The President’s Gender Equity Council studies issues related to gender and sexual orientation and recommends changes to make Texas Tech friendlier to these groups.
In August 1971, Judi Henry left her hometown of Lovington, New Mexico, for the big-city life of Lubbock, enrolling at the newly minted Texas Tech University.
Also in August 1971, the United States celebrated the first Women's Equality Day – Aug. 26, the anniversary of the day in 1920 the 19th Amendment was certified, giving women the right to vote.
It's been 35 years. Henry has stuck with her alma mater, earning a doctorate in education and working as dean of students before becoming the senior women's administrator in athletics. Equality for women has been less linear – progressing in fits and starts, with women still lagging in pay equity, promotions and management opportunities, even in higher education.
Texas Tech, while struggling with many of these issues, is proactively looking for solutions, led in part by the President's Gender Equity Council. This council, of which Henry is a longtime member, works to provide support and a voice for women and the LGBTQ community on campus, who remain underrepresented at the highest levels.
“I'm optimistic right now,” said Elizabeth Sharp, chairwoman of the council. “I think we're living in a time when more and more people are starting to speak out; they know things are not equal.”
When Henry was in Student Affairs in the 1990s, she and the director of Women's Studies worked with then-president Donald Haragan to create a committee focused on preventing sexual harassment. That morphed into a provost's committee on gender, with Charlotte Dunham, director of Women's Studies, completing a survey on Texas Tech's performance in terms of gender equity.
“It's what you expect, what you find in most major universities: women clustered in the lower ranks, with lower salaries, even after controlling for time and rank,” she said. “There was clearly a need. It clearly wasn't equity.”
That report included a recommendation that a standing committee be appointed and given resources to address gender equity. In 2004 the President's Gender Equity Council was created, with Dunham as the first chairwoman. Sociology professor Martha Smithey succeeded Dunham, and Sharp, associate professor of human development and family studies, took over as chair in 2014.
While the activities of the Gender Equity Council have shifted in the last decade, the focus on employment, climate and family have remained central to its mission. Although committees took on major issues that affect the entire university and culture, they also looked at ways to help individual women succeed. Sharp, who was a member of the committee before she was chair, was part of the family committee that documented the need for mother-friendly rooms throughout campus.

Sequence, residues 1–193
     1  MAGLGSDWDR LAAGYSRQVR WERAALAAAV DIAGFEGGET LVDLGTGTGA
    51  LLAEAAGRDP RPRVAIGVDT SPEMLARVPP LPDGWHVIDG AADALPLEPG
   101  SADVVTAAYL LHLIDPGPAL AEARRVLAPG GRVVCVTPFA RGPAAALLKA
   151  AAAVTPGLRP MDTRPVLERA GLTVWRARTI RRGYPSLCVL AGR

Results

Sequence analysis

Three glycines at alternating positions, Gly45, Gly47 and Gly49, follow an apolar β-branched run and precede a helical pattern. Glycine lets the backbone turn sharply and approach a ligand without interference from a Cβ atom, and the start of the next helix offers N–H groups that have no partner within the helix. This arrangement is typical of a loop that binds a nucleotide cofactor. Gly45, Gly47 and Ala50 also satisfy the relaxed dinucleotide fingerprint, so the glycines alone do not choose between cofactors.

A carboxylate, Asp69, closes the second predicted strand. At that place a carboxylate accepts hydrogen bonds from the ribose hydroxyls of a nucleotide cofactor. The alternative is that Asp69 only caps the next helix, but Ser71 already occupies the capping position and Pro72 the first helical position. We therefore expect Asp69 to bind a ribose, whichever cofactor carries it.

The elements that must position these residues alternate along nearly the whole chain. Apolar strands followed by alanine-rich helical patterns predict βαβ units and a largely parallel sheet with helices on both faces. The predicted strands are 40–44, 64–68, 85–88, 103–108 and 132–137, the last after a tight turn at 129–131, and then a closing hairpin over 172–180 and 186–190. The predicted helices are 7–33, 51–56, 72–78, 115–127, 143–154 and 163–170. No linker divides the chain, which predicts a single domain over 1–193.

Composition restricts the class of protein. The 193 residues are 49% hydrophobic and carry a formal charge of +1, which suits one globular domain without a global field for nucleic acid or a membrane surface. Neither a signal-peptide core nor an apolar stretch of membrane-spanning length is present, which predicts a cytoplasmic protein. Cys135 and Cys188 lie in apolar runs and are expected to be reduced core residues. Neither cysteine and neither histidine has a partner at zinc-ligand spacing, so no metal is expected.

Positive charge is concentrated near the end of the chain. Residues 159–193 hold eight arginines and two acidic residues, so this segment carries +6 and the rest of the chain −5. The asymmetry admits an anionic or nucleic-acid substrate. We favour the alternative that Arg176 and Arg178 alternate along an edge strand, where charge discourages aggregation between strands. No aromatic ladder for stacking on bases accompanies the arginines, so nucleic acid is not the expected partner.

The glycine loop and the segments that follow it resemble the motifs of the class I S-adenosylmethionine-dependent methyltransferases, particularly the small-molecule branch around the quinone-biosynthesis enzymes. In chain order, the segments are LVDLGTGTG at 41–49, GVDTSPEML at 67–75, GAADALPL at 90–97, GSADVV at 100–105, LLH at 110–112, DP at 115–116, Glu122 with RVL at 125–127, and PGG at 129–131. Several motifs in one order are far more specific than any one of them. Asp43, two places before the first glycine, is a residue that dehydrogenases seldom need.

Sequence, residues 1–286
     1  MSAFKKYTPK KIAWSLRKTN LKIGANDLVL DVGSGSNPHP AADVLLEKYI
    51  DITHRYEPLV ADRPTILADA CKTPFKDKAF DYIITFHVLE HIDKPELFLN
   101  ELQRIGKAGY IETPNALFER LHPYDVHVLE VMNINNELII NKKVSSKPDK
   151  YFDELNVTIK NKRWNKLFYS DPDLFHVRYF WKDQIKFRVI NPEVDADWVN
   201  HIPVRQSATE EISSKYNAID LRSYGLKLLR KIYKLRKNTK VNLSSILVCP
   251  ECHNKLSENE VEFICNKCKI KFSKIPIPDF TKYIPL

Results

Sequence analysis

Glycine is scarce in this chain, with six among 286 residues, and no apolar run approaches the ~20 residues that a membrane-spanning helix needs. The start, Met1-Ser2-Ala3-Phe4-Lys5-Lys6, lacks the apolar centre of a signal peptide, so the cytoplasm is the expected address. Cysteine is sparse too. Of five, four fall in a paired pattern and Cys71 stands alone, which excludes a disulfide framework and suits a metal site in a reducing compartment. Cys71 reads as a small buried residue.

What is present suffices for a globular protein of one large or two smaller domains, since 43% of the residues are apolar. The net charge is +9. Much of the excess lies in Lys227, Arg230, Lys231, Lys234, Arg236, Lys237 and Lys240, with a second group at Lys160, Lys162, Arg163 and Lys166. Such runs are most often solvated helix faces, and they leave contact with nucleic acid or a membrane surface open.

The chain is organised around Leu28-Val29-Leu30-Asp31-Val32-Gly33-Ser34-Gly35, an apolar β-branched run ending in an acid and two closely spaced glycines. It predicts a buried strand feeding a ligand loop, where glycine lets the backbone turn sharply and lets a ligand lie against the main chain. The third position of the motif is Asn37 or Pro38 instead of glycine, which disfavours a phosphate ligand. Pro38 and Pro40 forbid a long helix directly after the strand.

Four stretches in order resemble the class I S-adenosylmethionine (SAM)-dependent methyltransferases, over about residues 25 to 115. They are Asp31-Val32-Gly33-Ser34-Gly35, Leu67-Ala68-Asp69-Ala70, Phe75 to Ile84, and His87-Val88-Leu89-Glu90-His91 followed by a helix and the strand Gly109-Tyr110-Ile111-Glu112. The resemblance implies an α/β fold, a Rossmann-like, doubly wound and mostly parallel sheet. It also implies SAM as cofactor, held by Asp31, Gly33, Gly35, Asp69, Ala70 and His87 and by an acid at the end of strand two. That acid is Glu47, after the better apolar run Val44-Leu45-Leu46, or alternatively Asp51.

Henry remembers the early days when male and female athletes were in separate departments and appreciates seeing the university adapt as the council did.
“What's neat about it is it grew into something bigger,” Henry said. “I don't think the goal became accomplished, but the mission became broader and more encompassing.”
When Henry started working, both in Student Affairs and athletics, she was the only woman. At a recent meeting of senior athletics administrators, it was about even.
“You're beginning to see some recognition of diversity in leadership teams,” she said. “We're beginning to see small increases in women and minorities in upper-level administration. Part of that is a matter of the fact that we're behind in history and it takes time to make up for that lag.”
“I've seen progress, but it's not equity,” Dunham added. “There's been some progress, and there's been some going backwards.”
That improvement has come in the form of salary, more women in administrative positions and in typically male-dominated fields like business and engineering.
“One of our best features is we work really well with several entities at Texas Tech that are already doing amazing things,” Sharp said.
Sharp, who is in her third year as chairwoman of the council, pointed to a number of developments the Gender Equity Council has implemented. Last fall she and several others organized the Women Faculty Writing Program, which is designed to help female professors set aside time every week for research, writing and publications. Research is critical for tenure-track professors, but often it is pushed aside by other needs, especially by female professors. This has resulted in fewer female professors promoted nationwide.